Jenna Reed-Cote is totally badass. Her online alter ego and company- 'Phoenix Attitude' makes us want to get out there and get our hands (and the rest of us) dirty while conquering the toughest terrain. Her and her team 'Three Men & A Tough Little Mudder' recently completed a tough mudder - wheelchair and all. Impressed, we asked her to share a blog about the experience.
"Approaching one leg of our journey, the team found ourselves staring into the mouth of the forest - not a clear path in sight. Had a tornado just blown through?! There were sticks, logs, stumps and mud no matter which way we went (not ideal terrain for me and my chair). The three men (to my “Tough Little Mudder”) with the help of some other Mudders suggested that they pick me up (in the chair) and carry me all the way through. Nope! That was not going to happen. After getting so far, I was not going to have the boys try (especially on this terrain), have one or all of them step in the wrong place - leading us all to come tumbling down. So, after stalling (praying Arnold Schwarzenegger would roll through in one of his Hummers), I made the final call - I was bumming my way through the forest!
As soon as I got out of my chair and started with the actual “bumming,” I started thinking about whether or not “bumming” was even a word? And then I thought, “I hope that was just mud and not bear poop that I put my hand in.” Slowly but surely I made my way through the forest, bumming BACKWARDS so I could pull myself up and over things. Some times I would have to stand to get onto the the big logs to slide across to the other side. Some times I’d have to get back in the chair because the guys did have to lift me over certain areas (coming up with ingenious ideas along the way, like putting logs through my spokes and lifting me, like Cleopatra). At the very edge of the forest (on the OTHER side, because, yes, we did make it through), there was a near vertical wall of jagged rock that one had to traverse to make it back onto the trail. My reaction? Are there little children reading this…? Needless to say, my ego had to go out the window, letting a fellow Mudder, who just happened to be ex-Army, pick me up via the fireman’s carry to get me over the final hurdle - marking what was probably (only) the halfway point of Tough Mudder Half.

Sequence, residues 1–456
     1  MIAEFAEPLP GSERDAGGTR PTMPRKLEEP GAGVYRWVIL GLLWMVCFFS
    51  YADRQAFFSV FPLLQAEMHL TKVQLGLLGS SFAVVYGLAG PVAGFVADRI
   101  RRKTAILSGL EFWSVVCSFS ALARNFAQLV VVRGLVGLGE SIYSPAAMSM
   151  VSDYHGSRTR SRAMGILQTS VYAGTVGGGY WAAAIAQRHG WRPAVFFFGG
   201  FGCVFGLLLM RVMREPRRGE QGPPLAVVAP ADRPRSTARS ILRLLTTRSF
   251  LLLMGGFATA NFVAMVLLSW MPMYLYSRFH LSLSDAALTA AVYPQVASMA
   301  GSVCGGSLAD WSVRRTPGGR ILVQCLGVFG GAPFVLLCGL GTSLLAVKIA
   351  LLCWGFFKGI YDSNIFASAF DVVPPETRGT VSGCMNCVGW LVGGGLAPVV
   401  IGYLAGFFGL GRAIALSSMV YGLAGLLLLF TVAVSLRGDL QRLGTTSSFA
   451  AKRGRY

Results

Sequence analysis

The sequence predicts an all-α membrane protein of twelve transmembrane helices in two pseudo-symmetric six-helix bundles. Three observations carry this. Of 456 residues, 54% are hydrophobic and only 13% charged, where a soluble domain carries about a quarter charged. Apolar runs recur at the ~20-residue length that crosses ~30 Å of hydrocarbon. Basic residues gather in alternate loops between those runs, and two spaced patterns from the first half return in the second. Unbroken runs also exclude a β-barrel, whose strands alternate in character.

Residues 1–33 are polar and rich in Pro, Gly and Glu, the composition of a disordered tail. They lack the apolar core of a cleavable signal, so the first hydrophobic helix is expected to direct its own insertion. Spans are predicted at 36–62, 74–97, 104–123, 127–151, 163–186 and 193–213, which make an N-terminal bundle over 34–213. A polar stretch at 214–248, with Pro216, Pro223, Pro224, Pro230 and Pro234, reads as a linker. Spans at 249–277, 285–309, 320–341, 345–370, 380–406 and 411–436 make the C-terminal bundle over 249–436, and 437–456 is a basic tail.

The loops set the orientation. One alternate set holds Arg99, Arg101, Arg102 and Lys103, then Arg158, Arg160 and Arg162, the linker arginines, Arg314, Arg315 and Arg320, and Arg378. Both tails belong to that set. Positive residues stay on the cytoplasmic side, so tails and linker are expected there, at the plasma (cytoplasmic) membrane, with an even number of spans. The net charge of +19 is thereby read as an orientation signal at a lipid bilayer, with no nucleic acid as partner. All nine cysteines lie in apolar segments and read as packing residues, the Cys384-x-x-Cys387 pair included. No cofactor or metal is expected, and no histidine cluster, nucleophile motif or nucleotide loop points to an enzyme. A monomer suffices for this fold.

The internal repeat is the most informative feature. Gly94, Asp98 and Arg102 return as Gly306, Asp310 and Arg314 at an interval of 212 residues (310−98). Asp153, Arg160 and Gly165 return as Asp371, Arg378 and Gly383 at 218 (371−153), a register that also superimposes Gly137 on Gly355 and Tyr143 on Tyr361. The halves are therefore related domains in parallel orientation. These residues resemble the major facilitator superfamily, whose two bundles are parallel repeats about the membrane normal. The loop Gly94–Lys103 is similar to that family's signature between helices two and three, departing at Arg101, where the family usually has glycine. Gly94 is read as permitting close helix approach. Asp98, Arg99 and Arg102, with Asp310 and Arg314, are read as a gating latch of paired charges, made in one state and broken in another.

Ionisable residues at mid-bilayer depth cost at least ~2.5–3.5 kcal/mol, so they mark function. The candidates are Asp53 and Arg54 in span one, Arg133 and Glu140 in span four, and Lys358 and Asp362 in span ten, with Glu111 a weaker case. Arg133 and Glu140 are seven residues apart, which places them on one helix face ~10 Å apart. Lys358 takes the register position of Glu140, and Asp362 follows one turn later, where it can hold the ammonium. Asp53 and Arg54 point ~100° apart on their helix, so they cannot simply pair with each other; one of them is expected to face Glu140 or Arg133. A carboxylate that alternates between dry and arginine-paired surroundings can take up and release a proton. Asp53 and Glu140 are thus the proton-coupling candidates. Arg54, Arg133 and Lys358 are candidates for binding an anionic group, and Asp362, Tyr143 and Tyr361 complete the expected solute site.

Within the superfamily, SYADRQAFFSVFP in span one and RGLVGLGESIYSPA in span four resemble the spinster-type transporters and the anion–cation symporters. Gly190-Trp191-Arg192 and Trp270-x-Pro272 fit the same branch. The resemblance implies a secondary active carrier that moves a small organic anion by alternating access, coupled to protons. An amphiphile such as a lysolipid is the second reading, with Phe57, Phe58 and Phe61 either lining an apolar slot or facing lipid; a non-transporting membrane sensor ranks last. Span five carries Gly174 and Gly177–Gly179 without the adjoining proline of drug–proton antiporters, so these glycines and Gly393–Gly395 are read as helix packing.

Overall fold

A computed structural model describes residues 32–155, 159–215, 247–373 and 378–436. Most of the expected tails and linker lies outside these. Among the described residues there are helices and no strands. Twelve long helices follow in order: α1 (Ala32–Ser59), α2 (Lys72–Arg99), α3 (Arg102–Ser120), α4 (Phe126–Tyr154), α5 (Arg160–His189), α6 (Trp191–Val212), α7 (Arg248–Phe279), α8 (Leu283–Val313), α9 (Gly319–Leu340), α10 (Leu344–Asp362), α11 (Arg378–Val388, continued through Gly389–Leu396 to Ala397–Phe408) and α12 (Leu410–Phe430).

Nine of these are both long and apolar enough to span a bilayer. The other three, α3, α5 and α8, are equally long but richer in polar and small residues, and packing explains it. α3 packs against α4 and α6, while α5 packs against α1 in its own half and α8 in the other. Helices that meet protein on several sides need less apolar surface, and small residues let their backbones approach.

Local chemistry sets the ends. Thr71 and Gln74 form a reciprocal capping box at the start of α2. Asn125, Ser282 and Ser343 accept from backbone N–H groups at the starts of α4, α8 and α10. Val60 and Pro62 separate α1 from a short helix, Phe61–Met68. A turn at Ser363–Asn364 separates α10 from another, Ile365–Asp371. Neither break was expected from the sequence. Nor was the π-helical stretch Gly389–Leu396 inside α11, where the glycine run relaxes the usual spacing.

But why am I telling you this?
Why, out of all that makes up Tough Mudder, have I focused on my little foray into the forest? Because, my dear readers, the whole time I was merrily bumming my way along, I was hoping my gear would hold up. Now, when I say “gear,” I don’t mean my team shirt, and my pants because I was scared I’d end up with a big hole in the back, exposing my tush (although, that of course would have been bad). No, I mean my compression gear - shirt, pants and socks - that I wore UNDER everything that was made of medical-grade lycra and damn-near impossible to rip. You see, I have patch-sensation throughout my legs - some areas I can feel everything, and others…well, not so much. Had I not thought to protect my legs (before I even knew the forest was waiting for me), I could’ve gotten seriously hurt, possibly even realizing it too late. That’s just the reality of my situation - #paralysisproblems.
But I still wanted to be a Tough Mudder. Why? Because people with pretty serious medical challenges have a right to be daredevils, too! However, a daredevil with medical challenges can very quickly lead to a death wish, if they’re not smart about it. Sure, it’s annoying - scratch that - it’s freakin’ unfair a lot of the time, because you want to be spontaneous and follow your friends into the unknown. But you have to make it through one adventure (safe and sound), if you’re wanting to go on to the next.
In this case, based on all the sharp, dirty things that came into contact with my legs - my gear saved my life. Clothing has a lot to offer, it can make you feel: powerful, confident, vibrant, sophisticated, safe, fun, flirty, comfortable, normal etc. What I bet a lot of you don’t know, though, is that simple things can and need to be done to traditional clothing patterns so that people in wheelchairs get to feel all that clothes have to offer them - mind, body and spirit.
I want to celebrate all the designers out there who are tackling this niche market, creating clothes that let their wearers show the world who they are from the inside out! Let’s come together so that adaptive clothing industry explodes and becomes the ”norm,” giving us all an equal opportunity to feel: powerful, confident, vibrant, sophisticated, safe, fun, flirty, comfortable and normal (whatever that means)!
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